VSMC were treated as indicated and lysed in a buffer containing 50 mM HEPES, pH 7.4, 1% TritonX100, complete protease inhibitor, and PhosStop phosphatase inhibitor cocktail. After incubation for 2 h at 4°C, the suspension was centrifuged at 10.000  g for 15 min. Thereafter, 5 μg protein of lysates were separated by SDS-PAGE using 10% horizontal gels and transferred to polyvinylidene fluorid filters in a semidry blotting apparatus [16]. Filters were blocked with Tris-buffered saline, containing 0.1% Tween and 5% nonfat dry milk, and subsequently incubated overnight with a 1 : 1000 dilution of the appropriate antibodies. After washing, filters were incubated with secondary HRP-coupled antibody and processed for enhanced chemiluminescence detection using Immobilon HRP substrate (Millipore, Billerica, USA). Signals were visualized and evaluated on a VersaDoc work station (Bio-Rad Laboratories, Munich, Germany).

2.7. Presentation of Data and Statistics

Data are expressed as mean ± SEM. One-way ANOVA (post hoc test: Bonferroni’s multiple comparison test) was used to determine statistical significance. All statistical analyses were done using Prism (GraphPad, La Jolla, USA) considering a value of less than 0.05 as statistically significant. Corresponding significance levels are indicated in the figures.

3. Results

3.1. VEGF Content of CM Correlates with CM-Induced Proliferation

We have previously shown that CM from in vitro differentiated human adipocytes induces proliferation of human coronary artery VSMC with a large majority of the CMs tested inducing a prominent proliferation of more than 2-fold compared to control [10]. While CM and OA induce similarly strong proliferation of VSMC, their combination increased the proliferation in a synergistic way (Figure 1(a)), as reported previously [10]. The proliferative effect of CM negatively correlated with its adiponectin concentrations, but no correlation was found with IL-6 in CM [10]. Correlating CM content of growth inducing factors to CM-induced proliferation, we found that CM-induced proliferation strongly correlated with the VEGF content of the respective CM (Figure 1(b)). When replacing CM by VEGF at the average concentration found in the tested CM (250 pg/mL human recombinant VEGF), the proliferative effect of CM could be mimicked (Figure 1(c)) in accordance with previous data [10]. Treatment with CM, OA, or the combination of CMOA induced VEGF secretion of VSMC (control  pg/mL, CM-treated  pg/mL, OA-treated  pg/mL, and CMOA-treated cells  pg/mL, ) as previously described [10]. These data suggest that VSMC significantly contribute to proliferation by releasing VEGF for autocrine/paracrine stimulation. CM and the combination of CMOA also increased the expression of VEGF-R1 and -2, whereas OA had no effect on its expression (Figures 1(d)1(f)).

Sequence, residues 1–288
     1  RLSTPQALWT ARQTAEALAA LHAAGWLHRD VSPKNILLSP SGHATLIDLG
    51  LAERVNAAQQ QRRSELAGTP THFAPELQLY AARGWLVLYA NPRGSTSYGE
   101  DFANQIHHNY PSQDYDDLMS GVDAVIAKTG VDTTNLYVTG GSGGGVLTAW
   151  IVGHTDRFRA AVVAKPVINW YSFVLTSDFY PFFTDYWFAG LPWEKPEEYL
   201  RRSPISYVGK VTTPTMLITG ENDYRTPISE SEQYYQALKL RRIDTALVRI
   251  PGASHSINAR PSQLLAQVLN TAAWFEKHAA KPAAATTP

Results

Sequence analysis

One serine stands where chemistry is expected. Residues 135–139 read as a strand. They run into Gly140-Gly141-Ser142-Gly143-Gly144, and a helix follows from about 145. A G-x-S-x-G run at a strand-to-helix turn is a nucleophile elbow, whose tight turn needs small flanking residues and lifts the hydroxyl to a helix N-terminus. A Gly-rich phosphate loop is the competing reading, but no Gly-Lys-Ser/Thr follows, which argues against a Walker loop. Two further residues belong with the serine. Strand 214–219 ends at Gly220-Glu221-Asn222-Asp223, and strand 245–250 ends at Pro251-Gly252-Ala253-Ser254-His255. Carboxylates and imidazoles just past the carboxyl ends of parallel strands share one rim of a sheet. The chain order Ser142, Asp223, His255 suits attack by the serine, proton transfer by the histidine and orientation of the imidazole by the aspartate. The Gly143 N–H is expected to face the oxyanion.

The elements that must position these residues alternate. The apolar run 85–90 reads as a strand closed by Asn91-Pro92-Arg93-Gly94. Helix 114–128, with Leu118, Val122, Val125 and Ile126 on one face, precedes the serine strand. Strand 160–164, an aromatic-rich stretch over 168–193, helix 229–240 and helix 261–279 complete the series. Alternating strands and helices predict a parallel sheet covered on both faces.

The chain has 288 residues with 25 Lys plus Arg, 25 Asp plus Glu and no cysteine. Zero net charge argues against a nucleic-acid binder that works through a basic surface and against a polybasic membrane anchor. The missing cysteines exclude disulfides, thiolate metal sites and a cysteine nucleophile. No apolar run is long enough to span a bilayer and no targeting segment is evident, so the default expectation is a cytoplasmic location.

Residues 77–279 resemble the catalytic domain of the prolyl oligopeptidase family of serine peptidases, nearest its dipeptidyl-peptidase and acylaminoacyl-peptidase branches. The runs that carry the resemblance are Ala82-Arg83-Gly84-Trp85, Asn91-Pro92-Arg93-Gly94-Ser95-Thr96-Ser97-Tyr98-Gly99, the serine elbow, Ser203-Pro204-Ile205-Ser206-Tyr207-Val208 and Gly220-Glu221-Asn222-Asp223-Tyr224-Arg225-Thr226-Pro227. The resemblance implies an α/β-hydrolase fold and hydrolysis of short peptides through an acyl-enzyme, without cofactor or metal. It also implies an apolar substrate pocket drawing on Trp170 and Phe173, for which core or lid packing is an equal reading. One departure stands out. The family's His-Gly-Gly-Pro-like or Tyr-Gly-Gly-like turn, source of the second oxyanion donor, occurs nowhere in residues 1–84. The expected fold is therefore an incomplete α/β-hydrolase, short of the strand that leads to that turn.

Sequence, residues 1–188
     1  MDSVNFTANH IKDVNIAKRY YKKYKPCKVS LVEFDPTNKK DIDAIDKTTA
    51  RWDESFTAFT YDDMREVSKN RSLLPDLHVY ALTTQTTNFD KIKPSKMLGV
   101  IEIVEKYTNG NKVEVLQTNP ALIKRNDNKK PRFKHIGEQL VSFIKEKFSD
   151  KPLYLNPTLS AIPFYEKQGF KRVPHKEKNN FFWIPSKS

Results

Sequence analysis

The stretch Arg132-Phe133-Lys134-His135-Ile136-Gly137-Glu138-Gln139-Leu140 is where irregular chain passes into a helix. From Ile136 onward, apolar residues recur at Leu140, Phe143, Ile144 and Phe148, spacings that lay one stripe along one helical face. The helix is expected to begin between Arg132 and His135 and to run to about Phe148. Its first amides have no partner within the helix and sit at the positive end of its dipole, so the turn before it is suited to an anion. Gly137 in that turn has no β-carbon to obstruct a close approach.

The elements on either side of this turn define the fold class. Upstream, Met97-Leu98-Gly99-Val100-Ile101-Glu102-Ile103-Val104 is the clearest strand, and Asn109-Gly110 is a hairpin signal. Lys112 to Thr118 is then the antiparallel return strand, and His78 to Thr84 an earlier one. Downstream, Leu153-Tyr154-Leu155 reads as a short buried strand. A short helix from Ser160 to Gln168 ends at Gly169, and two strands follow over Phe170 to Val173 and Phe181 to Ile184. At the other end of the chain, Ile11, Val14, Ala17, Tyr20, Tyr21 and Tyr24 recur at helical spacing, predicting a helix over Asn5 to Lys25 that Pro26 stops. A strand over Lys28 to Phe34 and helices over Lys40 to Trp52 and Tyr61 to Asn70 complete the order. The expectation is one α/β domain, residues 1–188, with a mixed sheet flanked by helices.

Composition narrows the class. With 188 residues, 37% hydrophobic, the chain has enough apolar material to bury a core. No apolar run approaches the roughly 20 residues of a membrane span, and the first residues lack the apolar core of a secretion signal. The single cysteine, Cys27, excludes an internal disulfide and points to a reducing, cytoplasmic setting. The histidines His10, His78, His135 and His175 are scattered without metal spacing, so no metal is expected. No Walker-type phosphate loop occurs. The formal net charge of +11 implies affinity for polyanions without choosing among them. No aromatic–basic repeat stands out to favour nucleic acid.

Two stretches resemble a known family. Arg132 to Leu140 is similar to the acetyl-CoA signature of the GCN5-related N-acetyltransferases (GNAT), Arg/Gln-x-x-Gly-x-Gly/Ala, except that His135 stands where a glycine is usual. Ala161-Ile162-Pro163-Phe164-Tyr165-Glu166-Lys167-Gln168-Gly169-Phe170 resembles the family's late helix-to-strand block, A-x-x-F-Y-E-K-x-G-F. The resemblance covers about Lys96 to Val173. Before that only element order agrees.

3.2. VEGF Is an Important Factor for CM- and OA-Induced VSMC Proliferation